On Seeing the Confederate Flag in Galesburg, Illinois by Katana Smith

My friend who loves living more than I do tells me she stole it once,
but another was ready to take its place, somewhat like a soldier,

in a box under the counter. Facing away from the storefront itself, a camera
is always pointed at it; being a valuable, albeit replaceable, object, it must be

that a sophisticated heist resulted in its brief disappearance at the hands
of my friend. I imagine myself replacing it with a carefully constructed

counterfeit. My friend wants to light the flag on fire but worries about
the morality of the act. I am thinking that the counterfeit flag would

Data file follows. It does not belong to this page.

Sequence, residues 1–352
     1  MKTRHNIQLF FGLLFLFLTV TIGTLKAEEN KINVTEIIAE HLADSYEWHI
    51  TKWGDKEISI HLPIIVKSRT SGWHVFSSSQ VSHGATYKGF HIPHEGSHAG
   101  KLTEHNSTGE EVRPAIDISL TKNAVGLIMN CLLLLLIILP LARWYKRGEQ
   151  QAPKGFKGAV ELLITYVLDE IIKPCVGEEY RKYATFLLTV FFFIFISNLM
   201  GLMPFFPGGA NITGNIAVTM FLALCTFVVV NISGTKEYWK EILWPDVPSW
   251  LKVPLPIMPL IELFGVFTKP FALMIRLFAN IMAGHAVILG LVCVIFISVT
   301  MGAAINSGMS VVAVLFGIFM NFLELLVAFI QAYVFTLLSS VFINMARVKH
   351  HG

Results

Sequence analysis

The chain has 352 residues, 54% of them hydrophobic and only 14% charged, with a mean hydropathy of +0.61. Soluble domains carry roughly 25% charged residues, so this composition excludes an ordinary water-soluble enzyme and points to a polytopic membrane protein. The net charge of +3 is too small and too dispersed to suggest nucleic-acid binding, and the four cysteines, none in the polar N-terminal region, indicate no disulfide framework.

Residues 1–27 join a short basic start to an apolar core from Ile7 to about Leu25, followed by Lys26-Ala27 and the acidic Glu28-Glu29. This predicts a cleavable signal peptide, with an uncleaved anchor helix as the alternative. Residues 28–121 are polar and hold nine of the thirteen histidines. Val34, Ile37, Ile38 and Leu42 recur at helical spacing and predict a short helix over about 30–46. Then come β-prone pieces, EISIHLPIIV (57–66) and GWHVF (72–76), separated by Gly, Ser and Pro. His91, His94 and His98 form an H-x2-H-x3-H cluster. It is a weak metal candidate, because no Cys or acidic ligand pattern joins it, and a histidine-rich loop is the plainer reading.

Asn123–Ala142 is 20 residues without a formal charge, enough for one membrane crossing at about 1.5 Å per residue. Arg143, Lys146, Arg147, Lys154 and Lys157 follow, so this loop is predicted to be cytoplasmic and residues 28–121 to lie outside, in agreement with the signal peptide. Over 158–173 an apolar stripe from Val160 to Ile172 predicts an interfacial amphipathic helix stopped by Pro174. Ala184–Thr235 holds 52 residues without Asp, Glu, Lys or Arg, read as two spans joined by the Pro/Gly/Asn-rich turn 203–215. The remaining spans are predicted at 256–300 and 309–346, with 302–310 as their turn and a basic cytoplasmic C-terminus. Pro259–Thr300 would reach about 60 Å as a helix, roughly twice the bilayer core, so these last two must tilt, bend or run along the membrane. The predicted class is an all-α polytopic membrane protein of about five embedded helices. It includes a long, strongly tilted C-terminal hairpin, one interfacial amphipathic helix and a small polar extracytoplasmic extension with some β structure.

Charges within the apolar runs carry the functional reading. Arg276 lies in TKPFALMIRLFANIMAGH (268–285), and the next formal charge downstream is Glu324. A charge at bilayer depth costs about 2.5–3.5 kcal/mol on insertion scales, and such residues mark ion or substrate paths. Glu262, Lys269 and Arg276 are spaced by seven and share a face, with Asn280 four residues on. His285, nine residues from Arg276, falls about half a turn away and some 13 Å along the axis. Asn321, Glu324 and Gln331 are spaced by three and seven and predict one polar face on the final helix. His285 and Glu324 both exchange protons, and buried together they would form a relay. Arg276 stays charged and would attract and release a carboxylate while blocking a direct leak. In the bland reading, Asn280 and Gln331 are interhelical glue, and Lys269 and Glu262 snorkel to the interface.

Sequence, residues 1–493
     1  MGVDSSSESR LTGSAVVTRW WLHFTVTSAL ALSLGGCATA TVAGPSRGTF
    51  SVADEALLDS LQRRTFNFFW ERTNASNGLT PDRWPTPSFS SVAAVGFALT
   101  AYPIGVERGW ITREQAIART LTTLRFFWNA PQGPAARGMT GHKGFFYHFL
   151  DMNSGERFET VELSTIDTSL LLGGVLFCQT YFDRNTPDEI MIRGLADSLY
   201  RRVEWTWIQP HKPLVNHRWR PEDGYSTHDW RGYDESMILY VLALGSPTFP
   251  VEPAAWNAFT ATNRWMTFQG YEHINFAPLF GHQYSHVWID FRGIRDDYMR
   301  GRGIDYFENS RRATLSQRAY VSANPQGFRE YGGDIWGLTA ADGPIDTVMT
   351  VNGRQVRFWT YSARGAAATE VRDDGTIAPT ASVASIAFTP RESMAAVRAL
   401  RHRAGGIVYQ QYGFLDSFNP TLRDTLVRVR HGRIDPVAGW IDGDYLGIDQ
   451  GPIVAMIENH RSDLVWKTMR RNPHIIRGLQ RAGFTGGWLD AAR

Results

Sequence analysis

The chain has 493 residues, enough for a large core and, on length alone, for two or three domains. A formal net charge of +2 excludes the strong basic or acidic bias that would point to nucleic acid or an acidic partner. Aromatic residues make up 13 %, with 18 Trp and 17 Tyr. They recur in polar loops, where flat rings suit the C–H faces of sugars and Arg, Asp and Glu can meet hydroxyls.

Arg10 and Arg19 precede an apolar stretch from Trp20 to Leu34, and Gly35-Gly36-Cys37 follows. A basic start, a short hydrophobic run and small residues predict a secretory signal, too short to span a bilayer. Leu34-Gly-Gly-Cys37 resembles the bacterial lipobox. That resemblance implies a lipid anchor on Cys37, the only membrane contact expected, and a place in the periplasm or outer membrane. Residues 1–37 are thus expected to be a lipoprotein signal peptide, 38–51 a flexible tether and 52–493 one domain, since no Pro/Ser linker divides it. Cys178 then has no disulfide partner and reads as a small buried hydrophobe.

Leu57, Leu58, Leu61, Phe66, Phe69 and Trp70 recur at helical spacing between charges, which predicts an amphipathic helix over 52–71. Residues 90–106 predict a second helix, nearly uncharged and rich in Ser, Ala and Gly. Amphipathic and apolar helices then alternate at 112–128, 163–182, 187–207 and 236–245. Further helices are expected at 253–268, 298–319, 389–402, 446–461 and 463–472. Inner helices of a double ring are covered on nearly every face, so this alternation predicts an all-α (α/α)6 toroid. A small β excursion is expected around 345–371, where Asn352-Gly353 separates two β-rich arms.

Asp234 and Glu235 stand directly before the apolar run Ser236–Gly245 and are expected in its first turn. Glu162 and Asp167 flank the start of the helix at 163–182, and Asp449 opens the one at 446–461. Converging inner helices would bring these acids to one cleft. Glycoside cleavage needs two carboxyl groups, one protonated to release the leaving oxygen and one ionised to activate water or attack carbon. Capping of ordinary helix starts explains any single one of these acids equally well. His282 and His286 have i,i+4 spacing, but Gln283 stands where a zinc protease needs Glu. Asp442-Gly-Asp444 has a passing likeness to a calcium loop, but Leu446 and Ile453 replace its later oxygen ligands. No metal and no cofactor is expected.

somehow lack the magical reappearing power of the real flag: it would
blow away into a river one day and dizzolve like a tab of acid, gone forever.

Do what you want to, I tell her. I’m not sure it matters. From our side
of the street, I can block it out with the side of my thumb, momentarily.


Katana Smith is a Black biracial poet from Aurora, Colorado. She is a McNair Scholar and graduate of Knox College. Her work has appeared previously in Tinderbox. She is a current student in the Litowitz MFA+MA program at Northwestern University.